6. Spacing of fractures and its relation to bed thickness or structural position (fault-related, fold-related, or none) are crucial data. At outcrops, fracture spacing can be measured by a tape along a scanline. Observations show that very stiff layers have more joints than very weak layers; and for a given lithology, thinner beds have closely-spaced joints. The International Society for Rock Mechanics (ISRM) has recommended the following scale for classifying fracture spacing: extremely close spacing (<0.02m), very close spacing (0.02–0.06m), close spacing (0.06–0.2m), moderate spacing (0.2–0.6m), wide spacing (0.6–2.0m), very wide spacing (2.0–6.0m), and extremely wide spacing (>6.0m). Fracture frequency is defined as the number of fractures per metre length. It is thus the inverse of fracture spacing. Fracture frequency is equal to 1/fracture spacing. 

7. Population: The occurrence of fractures can be quantified in 1D (fracture frequency for a given length), 2D (fracture intensity for a given area), and 3D (fracture density for a given volume). 

8. Aperture is the perpendicular distance between the adjacent rock walls (fracture surfaces) of a fracture. It may be open (containing air, water or other fluid) or closed (infilled by fault rock or some other injected material). Aperture may be tight (<0.25mm) for closed fractures or wide (>10mm) for open fractures. Aperture decreases along the length of a fracture toward the fracture front. Aperture may also change along the height of a fracture due to asperities (see below). Often the terms ‘equivalent’, ‘hydraulic’, and ‘mechanical’ apertures are used depending on the methods and purpose of their estimation. 

9. Fracture walls do not have perfect parallel, smooth surfaces but contain roughness and irregularities called asperities, which reduce fracture permeability. Some knowledge of asperities may thus help better modelling of fluid flow through the fracture. 

Anatomy of rock fractures. (Source: Rasoul Sorkhabi) 10. Fracture stiffness (measured in Pascal/mm) describes the stress-deformation of the fracture with respect to normal stress (normal stiffness or resistance to closure) and shear stress (shear stiffness or resistance to shear displacement). Data on fracture stiffness are hardest to obtain because they involve geomechanical laboratory or in-situ experiments of fractured rocks.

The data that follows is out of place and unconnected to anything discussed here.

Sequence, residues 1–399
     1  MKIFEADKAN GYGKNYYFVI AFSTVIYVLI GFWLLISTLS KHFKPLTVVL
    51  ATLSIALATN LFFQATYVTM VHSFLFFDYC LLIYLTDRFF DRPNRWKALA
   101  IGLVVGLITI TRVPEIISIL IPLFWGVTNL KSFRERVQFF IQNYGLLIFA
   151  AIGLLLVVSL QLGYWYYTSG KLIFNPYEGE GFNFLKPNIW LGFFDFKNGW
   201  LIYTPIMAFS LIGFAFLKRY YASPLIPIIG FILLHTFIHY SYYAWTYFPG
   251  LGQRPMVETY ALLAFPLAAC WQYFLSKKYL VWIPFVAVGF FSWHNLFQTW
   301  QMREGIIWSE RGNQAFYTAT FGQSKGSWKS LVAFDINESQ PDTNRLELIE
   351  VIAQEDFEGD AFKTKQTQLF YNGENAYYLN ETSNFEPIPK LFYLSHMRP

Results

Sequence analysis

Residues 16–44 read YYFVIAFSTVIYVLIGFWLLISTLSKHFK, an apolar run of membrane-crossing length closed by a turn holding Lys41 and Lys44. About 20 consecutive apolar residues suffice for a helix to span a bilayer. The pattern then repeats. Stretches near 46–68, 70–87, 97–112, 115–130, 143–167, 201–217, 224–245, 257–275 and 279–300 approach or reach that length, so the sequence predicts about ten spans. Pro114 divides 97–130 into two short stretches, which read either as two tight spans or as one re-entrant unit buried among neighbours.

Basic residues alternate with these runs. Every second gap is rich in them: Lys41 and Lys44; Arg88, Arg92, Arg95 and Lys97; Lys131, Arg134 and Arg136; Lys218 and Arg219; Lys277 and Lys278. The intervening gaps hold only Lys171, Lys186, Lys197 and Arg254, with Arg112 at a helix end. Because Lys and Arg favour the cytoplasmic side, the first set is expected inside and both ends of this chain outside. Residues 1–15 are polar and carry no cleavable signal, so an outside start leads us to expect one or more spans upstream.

11. Fracture connectivity: intersection of natural fractures provides a permeability network for fluids, whereas disconnected, isolated fractures are not hydraulically effective. The chance of fracture connectivity increases with larger population and lengths of fractures in a given rock volume. 

12. Petrophysical properties of fractures including porosity and permeability.

Fractured Reservoirs

All reservoir rocks are fractured to some degree and usually by more than one process. Nevertheless, the term ‘fractured reservoir’ refers to a tight reservoir (matrix permeability < 0.1 mD) in which natural fractures play a significant permeability role for fluid flow (water, oil or natural gas). In these reservoirs, therefore, the mapping and characterisation of fractures in a 3D geological model and the quantification of the petrophyscial properties of fractures is of paramount importance for drilling and production.

In his book Geologic Analysis of Fractured Reservoirs, Ronald Nelson has described a classification of reservoirs based on the porosity and permeability of both rock matrix and fractures. Four types are thus distinguished:

Classification of reservoirs based on petrophysical properties of rock fractures. Modified from Ronald Nelson, Geologic Analysis of Fractured Reservoirs (2001). • In Type I reservoirs, fractures provide the essential porosity and permeability (e.g. Amal field, Libya; Ellenburger fields, Texas). These reservoirs have high declining curves per well.

• In Type II reservoirs, fractures provide the essential permeability (e.g. Agha Jari field, Iran; Rangely, Colorado).

• In Type III reservoirs, fractures contribute to the permeability of an already producible reservoir (e.g. Kirkuk, Iraq; Cottonwood Creek, Wyoming).

• In Type IV reservoirs, fractures actually act as fluid barriers (e.g. Beaver Creek, Wyoming; Houghton, Kansas). These reservoirs are structurally compartmentalised.

Subsurface fractures always pose a challenge to exploration and production. In the petroleum, geothermal and groundwater industries, therefore, a wide variety of materials, tools and techniques are utilised to identify, map and characterise fractures. These include basin tectonics, outcrop analogues, cores, borehole imaging logs, seismic sections, in-situ stress data, well flow tests, geomechanical experiments, and so forth.

Fractured granite in Cornwall, UK. (Source: Jane Whaley)